Issue Date January 26, 2011 Audit Report Number 2011-FW-1006 TO: Yolanda Chavez, Deputy Assistant Secretary for Grant Programs, DG //signed// FROM: Gerald R. Kirkland Regional Inspector General for Audit, Fort Worth Region, 6AGA SUBJECT: The Texas Department of Housing and Community Affairs Generally Ensured That Its Program Management Firm Complied With Requirements HIGHLIGHTS What We Audited and Why We audited the U. S. Department of Housing and Urban Development (HUD) Community Development Block Grant (CDBG), Supplemental II Disaster Recovery program funds, administered by the Texas Department of Housing and Community Affairs (TDHCA). Specifically, we wanted to determine whether TDHCA monitored its program management firm 1 (the Firm) to ensure compliance with Federal and State regulations and to ensure costs reimbursed for the Housing Assistance Program (HAP) and the Sabine Pass Restoration Program (SPRP) were adequately supported. This is the fourth audit of the Disaster Recovery funds awarded to the State of Texas, and it was conducted as part of the Office of Inspector General’s (OIG) commitment to HUD to implement oversight of Disaster Recovery funds to prevent fraud, waste, and abuse. 1 ACS State and Local Solutions, Inc. What We Found TDHCA’s monitoring activities provided assurance that the Firm generally complied with Federal and State regulations. Further, TDHCA’s reviews and monitoring generally ensured that program costs submitted for reimbursement by the Firm were adequately supported. However in a minor instance of noncompliance, TDHCA allowed the Firm to budget and receive reimbursement for a $71,691 mark-up for “Admin Fees on Subcontractors” calculated using a “cost plus a percentage of cost method” that is not allowed under CDBG rules. TDHCA had originally questioned the costs but subsequently allowed them because contractor staff provided support that made the expenditures seem plausible to TDHCA. What We Recommend We recommend that HUD’s Deputy Assistance Secretary for Grant Programs require TDHCA to recover from the Firm all “Admin Fees on Subcontractors” costs, reimburse its HUD Disaster Recovery program accounts for those costs, and continue to monitor and review program disbursements for the ineligible cost plus a percentage of cost payments. For each recommendation without a management decision, please respond and provide status reports in accordance with HUD Handbook 2000.06, REV-3. Please furnish us copies of any correspondence or directives issued because of the audit. Auditee’s Response We provided TDHCA our draft report on January 4, 2011, and requested its comments by January 20, 2011. We held an exit conference on January 18, 2011, with TDHCA and HUD. TDHCA provided its response to the draft report on January 19, 2011. It generally concurred. The complete text of the auditee’s response, along with our evaluation of that response, can be found in appendix B of this report. 2 TABLE OF CONTENTS Background and Objectives 4 Results of Audit 5 Finding: The Texas Department of Housing and Community Affairs Generally Ensured Its Program Management Firm Complied With Requirements Scope and Methodology 8 Internal Controls 9 Follow-up on Prior Audits 10 Appendixes A. Schedule of Questioned Costs 11 B. Auditee Comments and OIG’s Evaluation 12 3 BACKGROUND AND OBJECTIVES Congress authorized two supplemental funding appropriations to assist the Gulf Coast States in recovering from the destruction of Hurricanes Katrina, Rita, and Wilma. Public Law 109-148 authorized $11.5 billion (Supplemental I), and Public Law 109-234 (Supplemental II) authorized $5.2 billion in Disaster Recovery program funding. Of the $16.7 billion, the State of Texas (State) received $503 million through the U. S. Department of Housing and Urban Development (HUD) Community Development Block Grant (CDBG) program to address areas most impacted by Hurricanes Rita and Katrina. The Governor of Texas selected the Texas Department of Housing and Community Affairs (TDHCA) as the lead agency to administer the Disaster Recovery funds. TDHCA was established in 1991 as the State’s primary agency to provide essential public service and housing needs for extremely low to moderate income individuals and families in Texas. TDHCA in conjunction with the State’s Council of Governments distributed the Supplemental I funds for housing. TDHCA allocated $232 million in Supplemental II funds to aid eligible homeowners to repair or replace their hurricane damaged homes. The Supplemental II funds were distributed for housing using a procured program management firm (Firm). In December 2007, TDHCA contracted with the Firm, which subcontracted with Shaw Environmental, Inc. (Shaw), and Reznick, Mississippi, L.L.C. (Reznick), to administer the Housing Assistance Program (HAP) and the Sabine Pass Restoration Program (SPRP). The Firm was to be responsible for the distribution of $232 million in Supplemental II housing aid to homeowners affected by the hurricanes. As of September 2010, the Firm reported that it had constructed or rehabilitated more than 2,000 homes with Supplemental II Disaster Recovery funds. Our objective was to determine whether TDHCA monitored its program management firm to ensure compliance with Federal and State regulations and to ensure costs reimbursed for the HAP and the SPRP were adequately supported. 4 RESULTS OF AUDIT Finding: TDHCA Generally Ensured its Program Management Firm Complied With Requirements TDHCA reviews and monitoring activities generally ensured that the Firm complied with Federal and State regulations and that program costs submitted for reimbursement were adequately supported. However, in a minor instance of noncompliance, TDHCA reimbursed the Firm $71,691 for administrative costs that included a subcontractor’s mark-up cost, which was based on a cost plus a percentage of cost payment type that is not allowed under CDBG rules. TDHCA had originally questioned the costs but subsequently allowed them because contractor staff provided support that made the expenditures seem plausible to TDHCA. TDHCA’s Monitoring Functions Were Independent and Organized TDHCA had a well organized and independent Office of Oversight and Asset Division (Compliance Division) that ensured the CDBG Disaster Recovery programs were administered in compliance with contract provisions and Federal and State rules, regulations, policies, and related statutes. TDHCA also established and implemented adequate oversight and monitoring procedures to ensure program and financial compliance. Onsite monitoring visits were scheduled based on risk assessments. TDHCA's Compliance Division had the primary role of monitoring the Firm’s contract to ensure compliance with State and Federal requirements. The Compliance Division was independent of the Disaster Recovery Division and had conducted four formal monitoring reviews of the Firm and the HAP and SPRP. In addition, the Internal Audit Division had conducted a formal independent audit of some aspects of the Firm’s contract. Further, the Disaster Recovery Division staff maintained daily communication with the Firm and had also conducted various reviews and monitoring visits. TDHCA Monitoring Activities Generally Ensured Compliance TDHCA’s monitoring goals were to provide reasonable assurance that the Firm complied with Federal, State, and CDBG program requirements. Since the inception of the contract, the Compliance Division, Internal Audit Division, and Disaster Recovery Division have conducted at least 20 monitoring reviews resulting in 11 monitoring reports or letters, which included at least 12 findings, 28 issues or problems, and 8 observations. TDHCA also monitored the corrective actions taken 5 by the Firm. In addition, TDHCA and the Firm established invoice and payment procedures that generally provided adequate assurance that payment draws were supported, properly authorized, approved, and accurately reported in the accounting systems. Cost Submitted for Reimbursement Were Generally Supported Eight separate draw downs totaling $8.4 million, of the $232 million allocated to the HAP and SPRP programs, were reviewed. About $7.4 million of the draw downs consisted of administrative costs paid to the Firm. The review showed that the Firm’s draw downs and TDHCA reimbursements were generally adequately supported; except for the payment of the ineligible mark-up costs of $71,691 2 for “Admin Fees on Subcontractors.” In 2009, TDHCA's Compliance Division identified the “Admin Fees on Subcontractors” as unsupported. However, it later allowed the costs because they were included in the Firm’s contract and budgeted as a subcontractor’s costs. 3 Yet, the subcontractor’s explanation clearly showed that mark-up for “Admin Fees on Subcontractors” was calculated using a cost plus a percentage of cost method. Although State policy allows a cost plus a percentage of cost payment type method, 4 HUD’s State CDBG program regulations do not. 5 Conclusion TDHCA reviews and monitoring activities generally ensured that the Firm generally complied with Federal and State regulations and that program costs submitted for reimbursement were adequately supported. In most cases, TDHCA’s reviews detected and corrected problems, except in the minor case of the ineligible mark-up. 2 This amount represents less than .01% of the total draws reviewed ($71,691/$8.4 million = .009) 3 Reznick, Mississippi, L.L.C. 4 Texas Contract Management Guide, chapter 3, Preparing the Solicitation, Payment Types 5 24 CFR (Code of Federal Regulations) 570.489(g) 6 Recommendations We recommend that HUD’s Deputy Assistant Secretary for Grant Programs require TDHCA to 1A. Recover from the Firm, $71,629 for the “Admin Fees on Subcontractors” costs, and reimburse the appropriate HUD Disaster Recovery Program accounts. 1B. Continue to monitor and review program disbursements for ineligible cost plus a percentage of cost payment types. 7 SCOPE AND METHODOLOGY We conducted our audit work at the TDHCA’s office in Austin, TX, at its Firm’s office, in San Antonio, TX, and the HUD OIG’s office in San Antonio, TX. We performed our audit work between August and November 2010. The audit generally covered the period December 2007 through August 2010. To accomplish our objective we: • Reviewed the Federal Register, CDBG, Disaster Recovery grant for hurricane recovery. • Reviewed HUD's community development block grant regulations. • Reviewed HUD’s and TDHCA’s Disaster Grant agreement. • Reviewed TDHCA’s and the Firm’s policies, guides, and action plans for the Disaster Recovery program, monitoring process, and payment processing. • Reviewed the contract between TDHCA and the Firm and other documents concerning monitoring, payment, and reimbursement processing. • Reviewed TDHCA's monitoring reports. • Interviewed TDHCA’s and the Firm's managers and staff. • Reviewed eight separate draw requests totaling $8.4 million and verified supporting documentation from source documents provided by TDHCA and the Firm. • Performed tests of the computer-processed data obtained from the TDHCA and the Firm. We determined the data to be sufficiently reliable to meet our objective. To accomplish our objective, we reviewed the Firm’s costs submitted for reimbursement to verify that costs were adequately supported and included in the contract budgets. We selected and reviewed eight separate draw downs totaling $8.4 million of the $232 million allocated to HAP and SPRP, of which $7.4 million included draws paid to the Firm for administrative costs. A statistical sampling method was not used to select the draw downs; instead, the selection was based on the results of a risk assessment and prior audit findings. Thus, any results or conclusions stated in this report, only apply to the draws reviewed and cannot be projected to the entire $232 million allocated to the programs. The draws, supporting documentation, and invoices are maintained by the Firm. According to TDHCA staff, a complete or effective review of the draw down documentation was not possible or practical when processing administrative draws for the Firm and construction draws for over 2,500 planned homes in a timely manner. TDHCA’s main justification was that the draw down documentation was voluminous. TDHCA's Disaster Recovery Division required the Firm to keep the hardcopies of the draws and supporting invoices on-site and reviewed them on a test basis during monitoring visits or when necessary. We conducted the audit in accordance with generally accepted government auditing standards. Those standards require that we plan and perform the audit to obtain sufficient, appropriate evidence to provide a reasonable basis for our findings and conclusions based on our audit objective. We believe that the evidence obtained provides a reasonable basis for our findings and conclusions based on our audit objective. 8 INTERNAL CONTROLS Internal control is a process adopted by those charged with governance and management, designed to provide reasonable assurance about the achievement of the organization’s mission, goals, and objectives with regard to • Effectiveness and efficiency of operations, • Reliability of financial reporting, and • Compliance with applicable laws and regulations. Internal controls comprise the plans, policies, methods, and procedures used to meet the organization’s mission, goals and objectives. Internal controls include the processes and procedures for planning, organizing, directing, and controlling program operations as well as the systems for measuring, reporting, and monitoring program performance. Relevant Internal Controls We determined that the following internal controls were relevant to our audit objective: • Monitoring review process • Invoice and payment review process • Proper execution and recording of transaction • Appropriate documentation of transactions We assessed the relevant controls identified above. A deficiency in internal controls exists when the design or operation of a control does not allow management or employees, in the normal course of performing their assigned functions, the reasonable opportunity to prevent, detect, or correct (1) impairments to effectiveness or efficiency of operations, (2) misstatements in financial or performance information, or (3) violations of laws and regulations on a timely basis. Significant Deficiency We evaluated internal controls related to the audit objective in accordance with generally accepted government auditing standards. Our evaluation of internal controls was not designed to provide assurance regarding the effectiveness of the internal control structure as a whole. Accordingly, we do not express an opinion on the effectiveness of the TDHCA’s internal controls. 9 FOLLOW-UP ON PRIOR AUDITS The Texas Department of Housing and Community Affairs Did Not Fully Follow Requirements or Best Practices in the Acquisition of Its Disaster Recovery-Funded Program Management Firm, 2010-FW-1005 We issued an audit report on the CDBG Supplemental II Disaster Recovery program funds in July 2010. The audit found that TDHCA did not follow requirements or best practices in the acquisition of its Disaster Recovery-funded program management firm. Specifically, it accepted and approved the only proposal received when the proposal’s cost exceeded the request for proposals’ specification by $3.68 million. TDHCA made material changes to the contract that increased the maximum cost by $1.99 million, budgeted $210,000 in prohibited costs, and contracted to pay the Firm using multiple payment types including $2.23 million for a cost plus a percentage of cost type, which is prohibited by Federal regulations. In addition, TDHCA’s contract with the Firm lacked sufficient detail tying construction management services and oversight to the payment and budget section costs for the proper identification and allocation of $14.33 million in costs. As a result, TDHCA could not ensure it received the best value to the State, and its contract included ineligible and unsupported costs of almost $18.76 million. We recommended that HUD’s Disaster Recovery Assistance and Special Issues Division Director require TDHCA to (1) adopt sound agency business procedures for Disaster Recovery-funded procurements in accordance with State policy, (2) train its staff members to ensure that they follow its policies, (3) reimburse its Disaster Recovery account for $2.44 million in ineligible costs, (4) provide support for or reimburse $16.32 million in unsupported costs, and (5) modify its contract language. HUD agreed with all of the finding recommendations in the audit report. Based on the information provided by TDHCA, HUD indicated it would continue to work with TDHCA to ensure program compliance and to oversee the recommended actions for each finding. As of December 20, 2010, the recommendations are still in open status. 10 APPENDIXES Appendix A SCHEDULE OF QUESTIONED COSTS Recommendation Ineligible 1/ number 1A $71,691 1/ Ineligible costs are costs charged to a HUD-financed or HUD-insured program or activity that the auditor believes are not allowable by law; contract; or Federal, State, or local policies or regulations. 11 Appendix B AUDITEE COMMENTS AND OIG’S EVALUATION Ref to OIG Evaluation Auditee Comments Comment 1 12 OIG Evaluation of Auditee Comments Comment 1 TDHCA generally agreed with the audit report and is in the process of recovering the $71,691 from the Firm. We acknowledge TDHCA’s positive monitoring efforts and timely action in this matter. 13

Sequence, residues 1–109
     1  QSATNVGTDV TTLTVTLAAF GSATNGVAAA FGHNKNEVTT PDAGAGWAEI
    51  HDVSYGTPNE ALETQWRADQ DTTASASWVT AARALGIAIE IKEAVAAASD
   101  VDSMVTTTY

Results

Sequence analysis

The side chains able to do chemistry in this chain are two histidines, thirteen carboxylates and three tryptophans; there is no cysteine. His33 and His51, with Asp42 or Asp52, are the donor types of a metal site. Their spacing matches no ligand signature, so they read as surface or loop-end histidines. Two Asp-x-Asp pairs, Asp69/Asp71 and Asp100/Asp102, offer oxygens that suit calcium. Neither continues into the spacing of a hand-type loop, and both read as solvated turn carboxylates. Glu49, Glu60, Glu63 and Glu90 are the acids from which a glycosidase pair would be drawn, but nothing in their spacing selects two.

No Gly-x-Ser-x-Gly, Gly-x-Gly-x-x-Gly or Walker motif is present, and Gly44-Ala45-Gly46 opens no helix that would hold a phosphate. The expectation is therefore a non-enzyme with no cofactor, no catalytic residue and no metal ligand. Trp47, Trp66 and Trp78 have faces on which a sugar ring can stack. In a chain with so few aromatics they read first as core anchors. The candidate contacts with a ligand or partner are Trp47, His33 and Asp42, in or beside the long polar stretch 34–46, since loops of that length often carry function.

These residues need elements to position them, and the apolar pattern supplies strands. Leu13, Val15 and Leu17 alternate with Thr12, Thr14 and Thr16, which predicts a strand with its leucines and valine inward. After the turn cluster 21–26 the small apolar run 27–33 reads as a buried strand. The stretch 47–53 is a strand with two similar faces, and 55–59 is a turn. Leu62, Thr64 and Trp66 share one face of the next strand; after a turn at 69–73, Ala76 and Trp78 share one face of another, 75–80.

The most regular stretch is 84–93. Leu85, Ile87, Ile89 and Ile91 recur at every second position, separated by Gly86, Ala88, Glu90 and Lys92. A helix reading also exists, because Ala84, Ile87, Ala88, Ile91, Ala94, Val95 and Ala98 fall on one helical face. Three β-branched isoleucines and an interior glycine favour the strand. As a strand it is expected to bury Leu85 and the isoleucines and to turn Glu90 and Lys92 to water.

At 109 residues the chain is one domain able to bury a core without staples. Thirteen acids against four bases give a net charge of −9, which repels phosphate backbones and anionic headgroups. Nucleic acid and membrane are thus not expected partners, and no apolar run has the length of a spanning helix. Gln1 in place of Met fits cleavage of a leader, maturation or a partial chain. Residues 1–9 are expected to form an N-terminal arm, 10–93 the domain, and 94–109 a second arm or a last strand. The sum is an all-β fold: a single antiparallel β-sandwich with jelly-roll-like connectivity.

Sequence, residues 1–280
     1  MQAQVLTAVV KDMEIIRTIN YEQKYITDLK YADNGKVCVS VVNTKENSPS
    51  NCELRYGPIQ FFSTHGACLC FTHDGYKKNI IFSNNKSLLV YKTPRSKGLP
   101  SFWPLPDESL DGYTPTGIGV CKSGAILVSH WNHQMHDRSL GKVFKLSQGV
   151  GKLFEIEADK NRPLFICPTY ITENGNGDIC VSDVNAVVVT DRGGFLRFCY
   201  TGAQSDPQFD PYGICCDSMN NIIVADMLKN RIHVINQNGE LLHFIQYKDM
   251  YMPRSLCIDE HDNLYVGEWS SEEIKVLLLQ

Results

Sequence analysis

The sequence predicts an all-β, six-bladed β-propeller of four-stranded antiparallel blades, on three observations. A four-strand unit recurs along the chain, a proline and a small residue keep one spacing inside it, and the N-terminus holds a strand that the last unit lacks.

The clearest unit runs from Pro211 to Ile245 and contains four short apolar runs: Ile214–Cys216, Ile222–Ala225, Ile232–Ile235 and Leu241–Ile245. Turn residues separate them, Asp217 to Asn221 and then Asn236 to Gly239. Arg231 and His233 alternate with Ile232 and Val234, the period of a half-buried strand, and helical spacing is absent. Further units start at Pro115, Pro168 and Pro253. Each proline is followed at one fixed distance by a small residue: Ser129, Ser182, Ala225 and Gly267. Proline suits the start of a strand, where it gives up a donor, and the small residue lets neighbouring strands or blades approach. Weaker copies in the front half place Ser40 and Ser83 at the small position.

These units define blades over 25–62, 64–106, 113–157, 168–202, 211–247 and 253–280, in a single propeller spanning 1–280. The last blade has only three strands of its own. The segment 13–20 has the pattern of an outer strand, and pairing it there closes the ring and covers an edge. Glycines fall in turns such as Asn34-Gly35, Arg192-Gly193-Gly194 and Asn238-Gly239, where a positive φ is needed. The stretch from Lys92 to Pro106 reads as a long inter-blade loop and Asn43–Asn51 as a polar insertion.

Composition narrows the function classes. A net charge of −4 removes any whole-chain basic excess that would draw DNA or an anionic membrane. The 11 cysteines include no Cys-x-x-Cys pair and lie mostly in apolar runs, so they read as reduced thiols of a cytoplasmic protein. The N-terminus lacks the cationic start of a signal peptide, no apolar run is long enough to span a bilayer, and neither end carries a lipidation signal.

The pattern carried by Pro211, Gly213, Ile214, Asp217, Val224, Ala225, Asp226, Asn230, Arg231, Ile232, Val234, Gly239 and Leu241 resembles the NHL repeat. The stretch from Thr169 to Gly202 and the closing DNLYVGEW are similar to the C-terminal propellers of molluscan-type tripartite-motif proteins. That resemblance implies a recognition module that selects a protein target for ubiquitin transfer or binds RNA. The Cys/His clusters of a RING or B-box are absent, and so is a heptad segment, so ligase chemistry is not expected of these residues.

The Texas Department of Housing and Community Affairs Generally Ensured That Its Program Management Firm Complied With Requirements
Published by the Department of Housing and Urban Development, Office of Inspector General on 2011-01-26.
Below is a raw (and likely hideous) rendition of the original report. (PDF)